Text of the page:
#LTHEchat 219: Supporting and Assessing Student Groupwork. Led by Peter Hartley @profpeterbrad, Mark Dawson @Mark_g_dawson & Sue Beckingham @SueBecks.

An image of a group of students working together by Robert Kneschke on Canva

The significant expansion of student numbers across Higher Education (e.g. numbers doubling between 1992 and 2016, ONS, 2016) led to a corresponding increase in the use of student groupwork. While some of this expansion was inevitably prompted by resource constraints, there were also powerful and longstanding educational arguments in favour of developing teamwork skills (e.g. Hartley, 1997; Jaques 1991). This was not just to placate the repeated demands from employers for HE to produce more ‘work-ready’ graduates (which usually highlighted areas such as communication and teamwork) but also an acknowledgment of the value of social and active learning practices in education (Hoidn & Reusser, 2020).  

A range of teaching resources helped lecturers to emphasise the importance of collaboration and cooperation, including collections of group exercises and problem-solving tasks, games and simulations (e.g. Race, 2000), and guides/handbooks on small group teaching (e.g. Exley and Dennick, 2004). Several courses/modules experimented with self-analysis tools such as Belbin’s Team Roles Inventory (e.g. Macdonnell, 2012, using the approach from Belbin, 2010). 

Innovations have included new teaching methods such as Team-Based Learning (Team-Based Learning Collaborative, nd) and SCALE-UP [Student Centred Active Learning Environment with Upside-down Pedagogies] (Nottingham Trent University, nd). The HEFCE-funded project investigating how these methods could be scaled up across institutions demonstrated significant impact on student learning (see at https://aclproject.org.uk/the-project/ ). Innovations in assessed project work across the sector often involved external ‘clients’ and applied learning to simulate the demands from possible future employers.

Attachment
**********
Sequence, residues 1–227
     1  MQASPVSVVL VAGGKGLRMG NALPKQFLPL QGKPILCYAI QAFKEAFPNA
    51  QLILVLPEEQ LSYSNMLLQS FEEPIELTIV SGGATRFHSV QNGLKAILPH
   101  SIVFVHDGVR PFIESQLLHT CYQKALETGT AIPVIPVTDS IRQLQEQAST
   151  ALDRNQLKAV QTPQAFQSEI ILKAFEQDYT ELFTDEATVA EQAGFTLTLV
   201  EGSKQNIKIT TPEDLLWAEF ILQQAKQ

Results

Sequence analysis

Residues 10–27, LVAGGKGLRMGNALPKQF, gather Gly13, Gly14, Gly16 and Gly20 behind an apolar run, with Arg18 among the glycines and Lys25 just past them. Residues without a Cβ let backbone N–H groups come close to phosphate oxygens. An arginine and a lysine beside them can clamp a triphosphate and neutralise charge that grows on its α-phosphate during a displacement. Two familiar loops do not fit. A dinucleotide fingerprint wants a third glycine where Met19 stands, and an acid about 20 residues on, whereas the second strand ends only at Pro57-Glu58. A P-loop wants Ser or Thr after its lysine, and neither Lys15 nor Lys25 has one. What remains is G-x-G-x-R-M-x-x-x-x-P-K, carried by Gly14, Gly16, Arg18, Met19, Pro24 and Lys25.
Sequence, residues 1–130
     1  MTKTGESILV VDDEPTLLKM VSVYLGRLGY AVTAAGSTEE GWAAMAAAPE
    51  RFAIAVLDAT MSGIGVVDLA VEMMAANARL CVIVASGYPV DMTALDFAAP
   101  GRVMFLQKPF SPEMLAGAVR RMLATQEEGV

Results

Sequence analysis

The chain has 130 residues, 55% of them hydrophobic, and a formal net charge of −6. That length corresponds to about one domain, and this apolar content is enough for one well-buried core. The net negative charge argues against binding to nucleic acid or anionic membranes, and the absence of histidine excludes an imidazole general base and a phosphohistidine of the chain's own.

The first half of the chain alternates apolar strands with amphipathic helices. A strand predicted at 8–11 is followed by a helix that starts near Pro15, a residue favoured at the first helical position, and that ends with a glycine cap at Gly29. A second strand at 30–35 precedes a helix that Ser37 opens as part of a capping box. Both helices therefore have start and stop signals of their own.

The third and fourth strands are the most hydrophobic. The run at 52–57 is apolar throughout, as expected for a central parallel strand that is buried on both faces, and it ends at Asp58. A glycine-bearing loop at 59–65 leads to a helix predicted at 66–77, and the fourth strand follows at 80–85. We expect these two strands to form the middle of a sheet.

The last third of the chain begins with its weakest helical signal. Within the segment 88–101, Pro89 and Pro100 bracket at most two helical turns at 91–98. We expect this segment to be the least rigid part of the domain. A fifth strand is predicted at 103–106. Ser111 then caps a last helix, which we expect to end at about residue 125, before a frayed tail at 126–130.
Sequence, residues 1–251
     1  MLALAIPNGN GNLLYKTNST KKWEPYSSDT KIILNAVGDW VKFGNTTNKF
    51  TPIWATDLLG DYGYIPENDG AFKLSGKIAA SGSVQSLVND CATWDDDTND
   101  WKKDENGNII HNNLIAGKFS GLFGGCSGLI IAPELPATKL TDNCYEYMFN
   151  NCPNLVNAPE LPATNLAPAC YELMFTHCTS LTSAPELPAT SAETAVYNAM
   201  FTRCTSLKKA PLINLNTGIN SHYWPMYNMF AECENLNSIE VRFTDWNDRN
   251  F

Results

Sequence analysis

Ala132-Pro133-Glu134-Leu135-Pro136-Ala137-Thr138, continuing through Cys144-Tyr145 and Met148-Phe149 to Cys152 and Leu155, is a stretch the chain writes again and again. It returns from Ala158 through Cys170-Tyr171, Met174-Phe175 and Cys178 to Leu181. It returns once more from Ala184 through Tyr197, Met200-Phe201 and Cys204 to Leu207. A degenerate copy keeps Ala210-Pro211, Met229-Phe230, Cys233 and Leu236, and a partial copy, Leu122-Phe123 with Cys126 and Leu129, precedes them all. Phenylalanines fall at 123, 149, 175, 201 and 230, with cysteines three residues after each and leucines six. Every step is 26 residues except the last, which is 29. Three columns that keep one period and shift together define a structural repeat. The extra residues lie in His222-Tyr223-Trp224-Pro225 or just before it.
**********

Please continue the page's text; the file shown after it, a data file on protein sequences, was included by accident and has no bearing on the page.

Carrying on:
The majority of innovations have focused on groups and teams which worked predominantly face-to-face. That focus is also obvious in guidance for students (e.g. Hartley and Dawson, 2010), and even in texts published more recently (Hopkins and Reid, 2018). The online pivot caused by the pandemic moved us all online. As a result, we all now have some experience of online collaboration and we also have technologies available, such as MS Teams / Zoom, which enable both staff and students to collaborate and share work online relatively easily. At the same time, and given extra impetus by recent events, there has been a push in many Universities to provide their students with opportunities to network and learn online using international groupwork through innovative education practices such as virtual exchange and collaborative online international learning [COIL] (Leask, 2020). 

We argue that teamwork skills are equally if not more important than they have been in the past for all students regardless of discipline – Matthew Syed provides data from both academia and commerce to suggest that “pretty much all the most challenging work today is undertaken in groups for a simple reason: problems are too complex for any one person to tackle alone” (Syed, 2019, p.14). Teamwork and interpersonal skills remain highly valued graduate skills (Prospects, 2021). 

An increasing number of studies reflect upon our pandemic experience and suggest lessons to be carried forward (e.g. Specht et al, 2021, and the other articles in this special edition of JPAAP). ‘Next Steps for Teaching and Learning’, the report from the National Forum for the Enhancement of Teaching and Learning in Higher Education (2021) published last week, highlights opportunities to develop “new models … for the delivery of teaching, learning and assessment”. Ensuring we consider equality, diversity and inclusion (EDI) in groupwork, and ways this can contribute to developing inclusivity and a sense of belonging for all students is vital.    

Given this new context, isn’t this the right time to re-evaluate our aims and assumptions regarding the ways that we support and assess students’ teamwork?

To support both their work at university and in whatever career they choose to pursue afterwards, we believe that all students need to develop a flexible approach to teamwork which integrates online and face-to-face practices. This is a major theme of our revised handbook (Hartley, Dawson and Beckingham, in press). But does this require any fundamental shifts in the ways that we support and assess student groupwork or are the underlying issues and concerns unchanging? We look forward to discussing this. 


Belbin, R. M. (2010) Team Roles at Work 2nd edn. London: Routledge.

Exley, K. and Dennick, R. (2004) Small Group Teaching: Tutorials, Seminars and Beyond (Key Guides for Effective Teaching in Higher Education). London: RoutledgeFalmer.